Best Team To Not Win A National Title
Oklahoma 1973 (SRS: 32.87). More on the '73 Sooners is coming on Tuesday in Part IV of the top 100, but they were the only team in the top seven all-time overall to not win a national championship. With the No. 15 offense, No. 79 defense and No. 73 schedule in history, Oklahoma went 10-0-1 in its first season under Barry Switzer, who had been promoted from offensive coordinator to replace Chuck Fairbanks. The Sooners tied preseason No. 1 USC 7-7 in September, but they dominated just about everyone else behind the three Selmon brothers on defense and two 1,000-yard rushers on offense in Waymon Clark and Joe Washington. The Sooners were banned from the postseason that season and finished third in the AP poll behind Notre Dame and Ohio State.
Worst Team With A Heisman Winner
Notre Dame 1956 (SRS: -1.25). Anyone with a knowledge of Heisman Trophy history would have known this, because it is the obvious answer. Paul Hornung took home the 1956 Heisman by edging Tennessee's Johnny Majors and Oklahoma's Tommy McDonald (who received the most first-place votes but finished third). McDonald and teammate Jerry Tubbs, who finished fourth, split votes, opening the door for Hornung to take the trophy in a season in which he threw three touchdowns and 13 interceptions and ran for 420 yards. Notre Dame went 2-8 that year, finishing 63rd in SRS. The trophy really should have gone to Jim Brown, who finished fifth. But Notre Dame had gone 8-2 the previous year, and Hornung was a nationally known star. Creativity wasn't always the strong suit of voting sports writers, especially when Notre Dame was involved.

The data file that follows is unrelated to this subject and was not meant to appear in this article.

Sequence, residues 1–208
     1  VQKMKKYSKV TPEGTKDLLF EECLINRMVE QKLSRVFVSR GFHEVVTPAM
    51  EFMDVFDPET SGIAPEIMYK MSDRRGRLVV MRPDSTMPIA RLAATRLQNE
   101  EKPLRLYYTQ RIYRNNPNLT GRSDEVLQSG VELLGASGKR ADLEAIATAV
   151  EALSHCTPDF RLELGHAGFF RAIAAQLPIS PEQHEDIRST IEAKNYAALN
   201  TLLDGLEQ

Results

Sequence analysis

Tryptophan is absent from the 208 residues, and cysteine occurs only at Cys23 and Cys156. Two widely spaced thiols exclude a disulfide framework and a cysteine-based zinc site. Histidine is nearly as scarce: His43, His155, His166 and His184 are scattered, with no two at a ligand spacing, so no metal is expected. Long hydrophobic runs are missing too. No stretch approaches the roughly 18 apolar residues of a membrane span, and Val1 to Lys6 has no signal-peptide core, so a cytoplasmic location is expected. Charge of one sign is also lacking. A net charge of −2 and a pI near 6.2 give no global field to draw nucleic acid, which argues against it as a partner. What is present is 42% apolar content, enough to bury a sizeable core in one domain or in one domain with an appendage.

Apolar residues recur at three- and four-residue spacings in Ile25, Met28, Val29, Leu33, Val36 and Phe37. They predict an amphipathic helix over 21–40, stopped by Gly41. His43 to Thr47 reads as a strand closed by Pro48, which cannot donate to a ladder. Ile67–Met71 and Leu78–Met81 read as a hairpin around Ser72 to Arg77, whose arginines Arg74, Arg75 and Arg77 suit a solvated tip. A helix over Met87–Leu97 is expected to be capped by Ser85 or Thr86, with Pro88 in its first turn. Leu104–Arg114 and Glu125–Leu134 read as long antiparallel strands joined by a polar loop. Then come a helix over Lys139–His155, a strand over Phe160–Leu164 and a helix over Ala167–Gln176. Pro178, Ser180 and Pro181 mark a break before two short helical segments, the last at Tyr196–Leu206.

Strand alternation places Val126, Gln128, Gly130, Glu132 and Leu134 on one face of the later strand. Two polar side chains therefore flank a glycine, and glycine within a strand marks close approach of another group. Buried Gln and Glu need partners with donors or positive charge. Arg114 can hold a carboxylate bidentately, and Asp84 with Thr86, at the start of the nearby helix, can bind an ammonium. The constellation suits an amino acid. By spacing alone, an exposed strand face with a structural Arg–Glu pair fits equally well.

Navy 1946. SRS believes that Navy, who finished the season 1-8, played the hardest schedule in college football history. After going 7-1-1 a year earlier, Navy plummeted in 1946 after World War II ended. It faced five of the top 13 teams in the final AP poll, including No. 1 Notre Dame and No. 2 Navy. Why is this schedule extraordinary? Notre Dame and Army in 1946 are two of the 10 best teams ever, according to SRS. North Carolina, Georgia Tech and Pennsylvania also had strong seasons. Despite its struggles, Navy nearly took down Army in what would have been a colossal upset at the end of the season. The Midshipmen were 30-point underdogs, and they lost 21-18 after a chaotic ending featuring illegal substitutions and the clock running out, with Navy coming as close as three yards from upending the Army dynasty.
Worst Bowl Team
William & Mary 1970 (SRS: -17.33). William & Mary's 1970 team rates as the 12,436th best team ever, according to SRS. It went 5-7 that season, in the second of the years under its soon-to-be famous coach … Lou Holtz. The Tribe's wins that year came against Ohio Wesleyan, VMI, Connecticut, Davidson and Richmond, and yet somehow it was enough to send them to the Tangerine Bowl as Southern Conference champions with a 3-1 league record. They were destroyed 40-12 by MAC champion No. 15 Toledo in Orlando. Two years later, Holtz was coaching North Carolina State.
Worst Team Ever
Lehigh 1884 (SRS: -36.08). Of the nearly 13,000 teams classified as major teams by Sports-Reference, from 1869 to now, nobody had a worse season than Lehigh in 1884, according to SRS. Lehigh played only four games that season: It lost to Lafayette 50-0, Rutgers 61-0, Lafayette again 34-4 and Haverford 36-12. The next two worst teams? New Mexico State in 1951 and Akron in 1994, both of whom actually won one game.
Check back at SoE on Monday for Part III of the top 100 countdown, featuring teams ranked 50-26.